Checksum algorithms, such as CRC32 and other cyclic redundancy checks, are designed to meet much weaker requirements and are generally unsuitable as cryptographic hash functions. For example, a CRC was used for message integrity in the WEP encryption standard, but an attack was readily discovered, which exploited the linearity of the checksum.
Degree of difficulty
In cryptographic practice, "difficult" generally means "almost certainly beyond the reach of any adversary who must be prevented from breaking the system for as long as the security of the system is deemed important". The meaning of the term is therefore somewhat dependent on the application since the effort that a malicious agent may put into the task is usually proportional to their expected gain. However, since the needed effort usually multiplies with the digest length, even a thousand-fold advantage in processing power can be neutralized by adding a dozen bits to the latter.
For messages selected from a limited set of messages, for example passwords or other short messages, it can be feasible to invert a hash by trying all possible messages in the set. Because cryptographic hash functions are typically designed to be computed quickly, special key derivation functions that require greater computing resources have been developed that make such brute-force attacks more difficult.
In some theoretical analyses "difficult" has a specific mathematical meaning, such as "not solvable in asymptotic polynomial time". Such interpretations of difficulty are important in the study of provably secure cryptographic hash functions but do not usually have a strong connection to practical security. For example, an exponential-time algorithm can sometimes still be fast enough to make a feasible attack. Conversely, a polynomial-time algorithm (e.g., one that requires n20 steps for n-digit keys) may be too slow for any practical use.
An illustration of the potential use of a cryptographic hash is as follows: Alice poses a tough math problem to Bob and claims that she has solved it. Bob would like to try it himself, but would yet like to be sure that Alice is not bluffing. Therefore, Alice writes down her solution, computes its hash, and tells Bob the hash value (whilst keeping the solution secret). Then, when Bob comes up with the solution himself a few days later, Alice can prove that she had the solution earlier by revealing it and having Bob hash it and check that it matches the hash value given to him before. (This is an example of a simple commitment scheme; in actual practice, Alice and Bob will often be computer programs, and the secret would be something less easily spoofed than a claimed puzzle solution.)
Verifying the integrity of messages and files
An important application of secure hashes is the verification of message integrity. Comparing message digests (hash digests over the message) calculated before, and after, transmission can determine whether any changes have been made to the message or file.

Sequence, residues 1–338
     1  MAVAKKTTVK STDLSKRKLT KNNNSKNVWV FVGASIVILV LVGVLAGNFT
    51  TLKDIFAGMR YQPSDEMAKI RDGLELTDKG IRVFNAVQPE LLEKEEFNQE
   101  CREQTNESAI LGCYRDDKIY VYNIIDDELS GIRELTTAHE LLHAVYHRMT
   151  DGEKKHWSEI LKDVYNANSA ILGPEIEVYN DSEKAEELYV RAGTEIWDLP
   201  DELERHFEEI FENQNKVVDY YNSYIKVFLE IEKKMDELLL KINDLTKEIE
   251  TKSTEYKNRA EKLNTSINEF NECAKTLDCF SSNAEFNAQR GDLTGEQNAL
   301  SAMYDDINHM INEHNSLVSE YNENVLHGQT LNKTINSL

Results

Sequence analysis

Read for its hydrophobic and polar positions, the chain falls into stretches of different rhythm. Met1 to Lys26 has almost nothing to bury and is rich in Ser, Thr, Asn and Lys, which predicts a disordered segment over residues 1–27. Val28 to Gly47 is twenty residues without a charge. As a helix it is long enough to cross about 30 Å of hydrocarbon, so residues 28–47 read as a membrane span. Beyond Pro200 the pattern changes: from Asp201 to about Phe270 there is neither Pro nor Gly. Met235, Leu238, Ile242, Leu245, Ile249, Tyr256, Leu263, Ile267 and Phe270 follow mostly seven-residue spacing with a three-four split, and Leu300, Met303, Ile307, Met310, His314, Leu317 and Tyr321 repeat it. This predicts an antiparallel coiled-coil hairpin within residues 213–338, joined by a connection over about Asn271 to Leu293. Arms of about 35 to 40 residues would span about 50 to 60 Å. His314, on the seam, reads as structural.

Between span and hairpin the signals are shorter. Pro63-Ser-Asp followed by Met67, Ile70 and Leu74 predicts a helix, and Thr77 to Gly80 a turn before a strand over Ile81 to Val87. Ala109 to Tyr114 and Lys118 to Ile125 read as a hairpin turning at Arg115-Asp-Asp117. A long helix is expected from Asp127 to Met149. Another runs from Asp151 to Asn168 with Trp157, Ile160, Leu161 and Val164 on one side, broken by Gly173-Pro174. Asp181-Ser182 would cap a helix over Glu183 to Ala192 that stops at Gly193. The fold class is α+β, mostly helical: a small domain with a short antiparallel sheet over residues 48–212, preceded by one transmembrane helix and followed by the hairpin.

MD5, SHA-1, or SHA-2 hash digests are sometimes published on websites or forums to allow verification of integrity for downloaded files, including files retrieved using file sharing such as mirroring. This practice establishes a chain of trust as long as the hashes are posted on a trusted site – usually the originating site – authenticated by HTTPS. Using a cryptographic hash and a chain of trust detects malicious changes to the file. Non-cryptographic error-detecting codes such as cyclic redundancy checks only prevent against non-malicious alterations of the file, since an intentional spoof can readily be crafted to have the colliding code value.
Signature generation and verification
Almost all digital signature schemes require a cryptographic hash to be calculated over the message. This allows the signature calculation to be performed on the relatively small, statically sized hash digest. The message is considered authentic if the signature verification succeeds given the signature and recalculated hash digest over the message. So the message integrity property of the cryptographic hash is used to create secure and efficient digital signature schemes.
Password verification commonly relies on cryptographic hashes. Storing all user passwords as cleartext can result in a massive security breach if the password file is compromised. One way to reduce this danger is to only store the hash digest of each password. To authenticate a user, the password presented by the user is hashed and compared with the stored hash. A password reset method is required when password hashing is performed; original passwords cannot be recalculated from the stored hash value.
However, use of standard cryptographic hash functions, such as the SHA series, is no longer considered safe for password storage.: 184.108.40.206 These algorithms are designed to be computed quickly, so if the hashed values are compromised, it is possible to try guessed passwords at high rates. Common graphics processing units can try billions of possible passwords each second. Password hash functions that perform key stretching – such as PBKDF2, scrypt or Argon2 – commonly use repeated invocations of a cryptographic hash to increase the time (and in some cases computer memory) required to perform brute-force attacks on stored password hash digests. See #Attacks on hashed passwords
A password hash also requires the use of a large random, non-secret salt value which can be stored with the password hash. The salt is hashed with the password, altering the password hash mapping for each password, thereby making it infeasible for an adversary to store tables of precomputed hash values to which the password hash digest can be compared or to test a large number of purloined hash values in parallel.